Brisbane Times: Protesters ‘will be waiting’ for G20
Protests and gridlock expected at G20
Tourists say the G20 summit will get Brisbane ‘on the map’ but the conference is expected to bring with it traffic mayhem and protests amidst the largest security operation Australia has seen.
The streets of Brisbane are likely to be filled with protesters when the G20 comes to town in 2014, with Melbourne’s mayor warning the city may come to regret hosting the event.
In the wake of the global financial crisis, the annual G20 summit – to be held in Brisbane in November 2014 – has become a stage for protesters, as much as it is a forum for the world’s presidents, prime ministers and central bank governors.
Melbourne lord mayor Robert Doyle said his city had a shocking experience as host of the World Economic Forum in 2000, which exposed security problems and featured violent protests.
“It was once again targeted by protesters, the Socialist Alliance, all well-tried and tested groups,” Cr Doyle said.
“It actually did not show our city in a wonderful light. The pictures beamed around the world were not of smiling world leaders and economic benefit.
“They were of protests and violence, particularly at that time against police and police horses.”
Cr Doyle said he had spoken with former Toronto mayor David Miller, who told him his city needed to employ an additional 20,000 police and security personnel when the Canadian city hosted the G20 in 2010.
“He said to me: ‘For God’s sake don’t get this conference’,” Cr Doyle said.
“He said, for him, it was a nightmare for Toronto. They made over 1000 arrests, they had this group called Black Bloc, who were professional protesters who flew in from around the world to disrupt this conference.
“They had four or six police cars set on fire.
“David said: ‘This is the conference you do not want’.”
If activists in Brisbane have their way, Cr Doyle may be right, with thousands of protesters expected to do their best to ensure G20 leaders are made aware their’s is not a welcome visit, with Socialist Alliance spokesman Ewan Saunders saying yesterday: “We’ll be waiting for them.”
Mr Saunders said the alliance would begin holding national talks around a protest within the next six months.
“Protests are inevitable particularly in this period of global crisis [and] the more and more people begin to understand and see that meetings like the G20 are meetings for corporations and the governments that do their bidding,” he said.
“For a long time, these global meetings have been the site of protests, because the decisions made there have such a profound impact on people’s lives, but are made behind closed doors and ridiculous security.”
Greenpeace senior campaigner John Hepburn said he too expected to see demonstrators take to the streets of Brisbane.
“Historically we have seen protests at G20 summits that really are a reflection of frustration and public anger that the world’s financial system is inherently unsustainable,” he said.
“The sheer scale of the state’s coal boom will have a globally significant climate impact, and when you factor in the impacts of the boom on the Great Barrier Reef, you have clear cause for global concern over the current Queensland development model.”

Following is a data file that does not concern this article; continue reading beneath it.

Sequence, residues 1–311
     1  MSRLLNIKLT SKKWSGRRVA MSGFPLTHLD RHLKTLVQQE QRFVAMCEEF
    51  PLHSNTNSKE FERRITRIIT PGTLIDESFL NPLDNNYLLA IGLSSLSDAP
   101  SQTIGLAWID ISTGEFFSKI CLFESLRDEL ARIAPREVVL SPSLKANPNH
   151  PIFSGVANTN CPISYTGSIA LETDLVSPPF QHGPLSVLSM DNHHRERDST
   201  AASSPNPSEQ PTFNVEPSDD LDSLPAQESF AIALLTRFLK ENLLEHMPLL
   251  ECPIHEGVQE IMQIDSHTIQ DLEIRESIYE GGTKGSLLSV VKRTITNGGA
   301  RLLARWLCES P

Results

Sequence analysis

A member of the Occupy Brisbane movement also indicated the group would make their presence known during the two-day meeting.
Brisbane lord mayor Graham Quirk said the city was equipped to deal with protests.
“Historically, we know that it has also attracted some protesters and that will be a particular point of interest and attention by myself to make sure that the arrangements from a security point of view are put in place,” he said.
“No-one can stop the protesters, we are in a democracy and that is the nature of our lifestyle, but clearly there will be security arrangements, which will not only involve Queensland and Australian police forces, but I suspect on an international basis as well.”
Violent protests have marred G20 summits held in London, Toronto and Seoul, with demonstrators claiming the diplomatic gathering is a tool of the rich and conduit of corporate greed.
However, heavy security tactics employed by authorities at the summits have also come under fire.
In April 2009, bystander Ian Tomlinson was killed during protests at the G20 summit in London after being pushed to the ground by a police officer.
More than 1000 were arrested during the 2010 G20 summit in Toronto, Canada, where protests started a week before the summit about issues of poverty, globalisation and gay rights.
The majority of the protests were peaceful, but some – led by a Black Bloc – turned violent, with rioting and vandalism.
Toronto’s police chief Bill Blair said at the time: “We have never seen this level of wanton criminality on our streets.”
Authorities in Seoul, South Korea, erected a 1.6 kilometre wall of tough polyurethane and bulletproof glass around the conference centre where the summit was held. But the wall did not prevent a woman, who attempted to set herself on fire, reaching the main entrance to the meeting.
It is not yet clear whether Brisbane’s South Bank around the Convention Centre will be locked down and barricaded amid the intense security.
Even in its earlier form, the G20 gathering of economic leaders, which was held in Melbourne in 2006 attracted violence. Demonstrators mounted running battles against police in the centre of Melbourne, resulting in 21 protesters being charged with riot, affray and reckless conduct.
However, Mr Saunders said Australians were committed to peaceful, non-violent protests.
“We see the organising around a public response to the G20 summit as certainly a priority,” he said.
Mr Hepburn said: “Australia has a long history of peaceful protests, but I wouldn’t be surprised to see people taking to the streets in protest around the G20 meeting in Brisbane.”